Sleep is one of those bodily functions we tend to take for granted, like blinking or breathing. We do it habitually, and often without thinking, but the cost of actively denying ourselves those precious hours of shuteye can be enormous. Our brains and bodies feel depleted, and it’s no accident.

Recent research is slippery when it comes to the recommended number of hours you should be sleeping each night. For years, the number was eight. You were supposed to be spending a third of your life unconscious and dreaming. Then a band of bleary-eyed scientists decided eight was one hour too many, so the count got reduced to seven. If you miss one or two, you’ll feel groggy at worst. But what if you miss all seven? What state does that leave your brain in?

Not a great one, unfortunately. The best evidence suggests sleep serves a couple key roles, namely in memory consolidation and muscle repair. When you sleep, your brain flushes away all the unused and miscellaneous information strewn inside the tissues, and it keeps the good stuff. There’s no need to remember each email you deleted that day or what the license plate number was of the car ahead of you in traffic, so your brain lets that info go. A day’s demands also leave your body tired, which sleep helps offset by replenishing hormones and repairing muscles.

Missing sleep robs the body of these functions. Sleep-deprived brains are, on average, smaller in volume and less populous in brain cells. A pair of recent studies upholds the idea that well-rested brains are the healthiest brains.

Why Do We Need Sleep?

In March, University of Pennsylvania researchers discovered the neurons living inside the brain region known as the locus coeruleus (LC) steadily began to die. LC neurons play vital roles in energy production for the entire body, explaining why you feel lethargic after going long hours without sleep. Under normal conditions, you draw your sense of reason from the brain’s prefrontal cortex. But when that region shut downs after many waking hours, the locus coeruleus takes over. And its primary function involves stress and panic, hence your compulsion to freak out.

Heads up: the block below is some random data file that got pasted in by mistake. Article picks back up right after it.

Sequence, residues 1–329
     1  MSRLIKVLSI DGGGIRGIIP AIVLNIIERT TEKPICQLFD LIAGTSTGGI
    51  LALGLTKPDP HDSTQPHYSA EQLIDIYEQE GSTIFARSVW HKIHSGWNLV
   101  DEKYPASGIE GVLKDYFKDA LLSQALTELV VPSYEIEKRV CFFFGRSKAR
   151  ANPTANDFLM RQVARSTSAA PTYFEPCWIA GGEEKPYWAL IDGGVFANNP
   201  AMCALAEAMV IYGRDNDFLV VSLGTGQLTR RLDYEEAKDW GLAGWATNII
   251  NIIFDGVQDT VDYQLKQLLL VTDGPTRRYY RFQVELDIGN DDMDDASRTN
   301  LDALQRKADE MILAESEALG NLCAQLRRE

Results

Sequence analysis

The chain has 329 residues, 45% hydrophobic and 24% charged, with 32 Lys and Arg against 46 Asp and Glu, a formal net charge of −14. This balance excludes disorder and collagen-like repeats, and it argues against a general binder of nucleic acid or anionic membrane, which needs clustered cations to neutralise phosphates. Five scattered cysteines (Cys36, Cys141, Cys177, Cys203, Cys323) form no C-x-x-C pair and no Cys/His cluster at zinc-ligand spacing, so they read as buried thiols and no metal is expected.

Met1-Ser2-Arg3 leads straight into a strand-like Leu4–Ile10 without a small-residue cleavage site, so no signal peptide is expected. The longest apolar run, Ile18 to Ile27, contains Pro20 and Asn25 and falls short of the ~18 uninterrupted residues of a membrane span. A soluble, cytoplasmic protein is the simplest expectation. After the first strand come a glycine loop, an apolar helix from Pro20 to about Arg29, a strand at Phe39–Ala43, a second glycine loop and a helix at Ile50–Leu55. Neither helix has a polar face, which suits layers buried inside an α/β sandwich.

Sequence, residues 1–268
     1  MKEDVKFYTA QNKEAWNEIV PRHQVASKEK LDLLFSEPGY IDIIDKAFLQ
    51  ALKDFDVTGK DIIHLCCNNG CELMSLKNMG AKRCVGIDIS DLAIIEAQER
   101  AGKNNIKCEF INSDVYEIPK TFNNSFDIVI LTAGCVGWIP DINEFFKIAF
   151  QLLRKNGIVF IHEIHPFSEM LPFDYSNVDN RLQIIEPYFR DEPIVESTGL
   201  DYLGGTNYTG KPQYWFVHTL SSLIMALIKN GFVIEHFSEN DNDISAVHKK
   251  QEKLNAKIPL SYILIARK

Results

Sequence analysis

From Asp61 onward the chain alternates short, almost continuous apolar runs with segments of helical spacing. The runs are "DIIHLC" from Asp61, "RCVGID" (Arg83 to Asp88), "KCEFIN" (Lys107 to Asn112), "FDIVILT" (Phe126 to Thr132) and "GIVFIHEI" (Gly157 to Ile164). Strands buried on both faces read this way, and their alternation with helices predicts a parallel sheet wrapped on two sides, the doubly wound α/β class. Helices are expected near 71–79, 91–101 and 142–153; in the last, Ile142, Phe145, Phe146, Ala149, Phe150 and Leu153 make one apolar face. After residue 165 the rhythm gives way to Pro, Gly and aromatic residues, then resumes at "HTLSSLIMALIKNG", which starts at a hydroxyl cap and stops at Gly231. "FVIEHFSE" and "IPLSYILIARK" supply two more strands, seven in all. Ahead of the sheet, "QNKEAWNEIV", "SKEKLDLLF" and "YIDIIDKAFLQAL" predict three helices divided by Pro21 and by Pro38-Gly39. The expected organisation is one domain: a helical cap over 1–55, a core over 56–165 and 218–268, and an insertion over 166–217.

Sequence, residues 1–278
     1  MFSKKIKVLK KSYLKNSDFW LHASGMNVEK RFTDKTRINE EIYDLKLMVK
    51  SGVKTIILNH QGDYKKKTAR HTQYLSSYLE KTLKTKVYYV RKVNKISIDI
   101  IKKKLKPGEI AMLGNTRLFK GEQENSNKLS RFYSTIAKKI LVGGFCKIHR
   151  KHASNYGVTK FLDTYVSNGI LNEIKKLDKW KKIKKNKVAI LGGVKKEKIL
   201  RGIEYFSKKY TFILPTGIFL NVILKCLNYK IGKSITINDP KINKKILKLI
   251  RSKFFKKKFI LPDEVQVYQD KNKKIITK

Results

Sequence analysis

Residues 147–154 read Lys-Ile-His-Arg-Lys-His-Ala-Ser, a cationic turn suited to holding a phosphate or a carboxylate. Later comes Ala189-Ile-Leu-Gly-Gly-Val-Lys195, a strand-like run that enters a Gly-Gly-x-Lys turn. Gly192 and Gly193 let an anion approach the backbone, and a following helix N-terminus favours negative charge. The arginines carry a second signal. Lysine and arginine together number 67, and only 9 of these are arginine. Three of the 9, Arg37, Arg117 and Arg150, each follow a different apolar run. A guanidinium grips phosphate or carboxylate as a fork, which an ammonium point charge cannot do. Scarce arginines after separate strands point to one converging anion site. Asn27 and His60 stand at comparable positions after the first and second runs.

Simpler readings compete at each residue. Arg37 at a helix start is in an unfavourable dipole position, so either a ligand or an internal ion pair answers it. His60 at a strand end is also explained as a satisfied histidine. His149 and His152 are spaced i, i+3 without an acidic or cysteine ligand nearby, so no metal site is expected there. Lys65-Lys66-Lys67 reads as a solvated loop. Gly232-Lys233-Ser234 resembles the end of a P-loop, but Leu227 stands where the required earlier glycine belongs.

The brain experiences damage overall, too. Earlier this month, University of Oxford scientists found in a study that people suffering from sleep deprivation more often had cortical shrinkage than people who got the appropriate number of hours. People over 60, in fact, showed the greatest differences among sleeping versus non-sleeping participants, suggesting sleep plays an even greater role as the brain ages.

At best, these studies offer a glimpse into what sleep deprivation looks like. Often, subjects do not stay awake longer than 24 hours. As the body stays in a waking state for two, three, five, and the world record, 11 days and 24 minutes, the brain hurdles toward minimal function with maximum consequence. After 24 hours, blood pressure and cortisol levels rise. Within a week, you’ll lose all cognitive function, hallucinate, and lose your memory.

“In the head of the interrogated prisoner a haze begins to form,” writes former Israeli Prime Minister Menachem Begin in his memoir White Nights, about the horrors of sleep deprivation as torture in a KGB prison. “His spirit is wearied to death, his legs are unsteady, and he has one sole desire: to sleep. … Anyone who has experienced this desire knows that not even hunger and thirst are comparable with it.”

Sleep doesn’t just help you feel more alert on your way to work in the morning. Silently, without asking for thanks, it compels you to help yourself stay alive, controling every bodily function you possess. If it loses its ability to execute those functions, the inevitable happens. So for your own sake, carve out seven hours. You can spare them.